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The walls within: working with defenses against otherness

Online Conference 5-11 July 2021

Continuous maintenance of dead organizational aspects in a volunteer-organization as a defense against annihilation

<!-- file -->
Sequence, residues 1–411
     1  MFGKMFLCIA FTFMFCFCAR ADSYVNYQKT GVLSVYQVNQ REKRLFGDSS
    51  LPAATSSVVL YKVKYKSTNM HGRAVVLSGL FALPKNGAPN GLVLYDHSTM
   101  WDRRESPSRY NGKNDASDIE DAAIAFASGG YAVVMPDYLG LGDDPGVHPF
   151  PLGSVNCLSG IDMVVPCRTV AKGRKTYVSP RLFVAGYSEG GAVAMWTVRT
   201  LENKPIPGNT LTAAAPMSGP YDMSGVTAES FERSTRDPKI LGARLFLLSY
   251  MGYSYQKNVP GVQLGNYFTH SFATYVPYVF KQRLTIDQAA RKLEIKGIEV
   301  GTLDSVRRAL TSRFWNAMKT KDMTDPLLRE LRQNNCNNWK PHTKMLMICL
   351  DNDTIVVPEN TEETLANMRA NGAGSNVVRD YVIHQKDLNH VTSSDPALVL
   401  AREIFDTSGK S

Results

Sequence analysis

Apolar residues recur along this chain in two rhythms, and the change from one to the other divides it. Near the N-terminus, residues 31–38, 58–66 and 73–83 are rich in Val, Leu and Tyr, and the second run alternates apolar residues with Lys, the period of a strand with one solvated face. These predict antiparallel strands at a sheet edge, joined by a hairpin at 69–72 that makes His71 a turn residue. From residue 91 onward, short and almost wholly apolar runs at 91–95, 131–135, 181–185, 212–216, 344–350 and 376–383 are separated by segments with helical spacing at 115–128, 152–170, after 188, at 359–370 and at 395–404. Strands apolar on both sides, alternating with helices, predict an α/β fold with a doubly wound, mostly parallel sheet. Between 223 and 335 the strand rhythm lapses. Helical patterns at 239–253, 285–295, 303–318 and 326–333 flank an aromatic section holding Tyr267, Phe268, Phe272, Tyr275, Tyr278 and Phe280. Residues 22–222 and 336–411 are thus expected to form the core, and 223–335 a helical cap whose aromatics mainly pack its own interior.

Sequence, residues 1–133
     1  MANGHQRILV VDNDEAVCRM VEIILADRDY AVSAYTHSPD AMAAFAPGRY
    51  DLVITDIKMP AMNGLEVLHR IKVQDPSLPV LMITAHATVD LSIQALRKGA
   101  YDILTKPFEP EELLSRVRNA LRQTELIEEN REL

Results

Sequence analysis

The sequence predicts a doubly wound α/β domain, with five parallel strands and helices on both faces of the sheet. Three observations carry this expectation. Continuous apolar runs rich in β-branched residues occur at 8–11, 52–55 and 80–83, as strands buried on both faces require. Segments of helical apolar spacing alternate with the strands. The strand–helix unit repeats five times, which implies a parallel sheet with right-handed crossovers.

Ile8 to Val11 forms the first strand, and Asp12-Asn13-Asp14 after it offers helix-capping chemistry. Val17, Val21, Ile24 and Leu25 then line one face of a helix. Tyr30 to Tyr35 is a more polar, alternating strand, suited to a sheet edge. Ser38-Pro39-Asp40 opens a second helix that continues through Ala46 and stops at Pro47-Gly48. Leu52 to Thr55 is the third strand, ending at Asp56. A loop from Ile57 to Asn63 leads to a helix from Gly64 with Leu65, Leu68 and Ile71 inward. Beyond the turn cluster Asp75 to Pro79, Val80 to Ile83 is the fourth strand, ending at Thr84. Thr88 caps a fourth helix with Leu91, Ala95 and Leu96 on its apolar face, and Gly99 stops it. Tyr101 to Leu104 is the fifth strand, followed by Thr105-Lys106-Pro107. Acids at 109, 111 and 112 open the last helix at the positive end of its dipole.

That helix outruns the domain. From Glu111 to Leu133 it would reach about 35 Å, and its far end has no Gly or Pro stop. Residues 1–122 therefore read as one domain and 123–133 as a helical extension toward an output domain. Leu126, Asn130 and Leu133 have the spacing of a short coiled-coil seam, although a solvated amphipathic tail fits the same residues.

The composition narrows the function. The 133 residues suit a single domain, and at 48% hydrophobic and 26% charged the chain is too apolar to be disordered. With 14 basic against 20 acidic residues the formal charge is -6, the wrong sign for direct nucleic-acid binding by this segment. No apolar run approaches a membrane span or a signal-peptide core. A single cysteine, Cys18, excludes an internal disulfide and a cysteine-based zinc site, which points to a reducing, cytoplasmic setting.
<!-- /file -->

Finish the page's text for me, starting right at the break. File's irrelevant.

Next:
We explore a volunteer-organization functioning as a vocal part-object (telephone calls) and the repercussions of this phenomenon on aspects of life and death in the organization. a. Background: We present our work with a volunteer-organization that was founded in 1972 for the purpose of helping people in distress. This help is provided by non-professional volunteers who answer emergency phone calls. Today this organization has ten branches all over the country and about 600 volunteers. Each branch has a board, manager and secretary. The manager and the secretary are fulltime salaried employees. The organization has a general manager and is governed by a general assembly whose members are board representatives from each of the branches. The organization is financed by donations from government, municipalities, industry and private individuals. However, donations do not cover the expenses. On the other hand the number of paid staff has been increasing in recent years. In addition, it is not clear how many of the volunteers are truly committed to the organization and are willing to contribute their time. It seems there are people who appear on the list of the volunteers but rarely do any work for the organization. We were asked by the two managers of the two largest branches to explore the process occurring in the organization, to identify the underlying problems and to come up with recommendations. b. Methodology: An initial diagnosis was followed by an intensive two-day workshop. This was followed by a second-stage diagnosis. Finally, on the basis of the diagnosis and the workshop, feedback and a consulting session were conducted and attended by the branch managers and all the volunteers who had participated in the workshop. This last session was conducted by way of an unstructured dialogue with the members of the organization. c. Working hypothesis: Volunteering emanates among other things from generosity and in a culture of generosity it is not suitable to be direct and aggressive. All aggression and discomfort have no channels through which to be expressed. These elements erode the structure within and contribute to the paralysis and death of some organizational parts. d. The workshop: The main events in the workshop were: Role Analysis in small groups, an Institutional Event, a Social Dreaming Matrix event (G. Lawrence method), and a plenary. In this way we conducted a multi-dimensional exploration that included the individual, the team and the organization as a whole. e. Main findings: Most persons operating as volunteers in this organization came to the organization trying unconsciously to 'save' dying internalized objects. Indeed in its first years, this organization was very active and bustled with vitality. It helped both volunteers and callers to find their own emotional vital parts, or 'living internalized objects.' However, our initial diagnosis revealed that in the last 15 years it has been in a state of continuous deterioration, has lost all its vitality and sense of direction. In the beginning most callers had acute problems which created a culture of immediacy and a sense of purpose for the volunteers, giving them the role of saviors. Now, most callers are mainly chronic patients, post psychotics, severe borderline and sometimes perverts. They call time and again, repeating their stories endlessly. There is nothing the volunteers can do to help them. In the meantime, competing organizations with similar objectives have been founded. These other organizations hold the libidinal aspects of the same task: They offer help lines for battered women, rape victims, survivors of terror attacks, etc. Volunteers in the organization are participants in a repetitive deadening ritual, but still cannot bring themselves to leave the organization. The volunteers who man the phone lines know that nothing new is happening and nothing new will happen. On the one hand there is a declared policy to limit the time for 'chronic' callers and the volunteers experience a rejection toward them. On the other hand there is a psychotic anxiety of annihilation stemming from the fear that if there are no calls from these chronic people, the line will go empty and this will signify the end of the organization. Thus the organization has been transformed from a vital lifesaving organization to one suffocated by busy lines and absent volunteers. In order to cope with this anxiety of annihilation the staff and the volunteers are unconsciously holding artificial, repetitive ritual parts in an attempt to continue existing. They are also withholding from the organization the ability to be more creative, libidinal, and to impart fresh ideas and elements in order to bring about change. References Green, A. (1990). The Dead Mother in On Private Madness. London: Routledge. Lawrence, W.G. (1994). The Politics of Salvation and Revelation in the Practice of Consultancy in R. Casement et al (Eds.) What Makes Consultancy Work: Understanding the Dynamics. London: South Bank University Press.'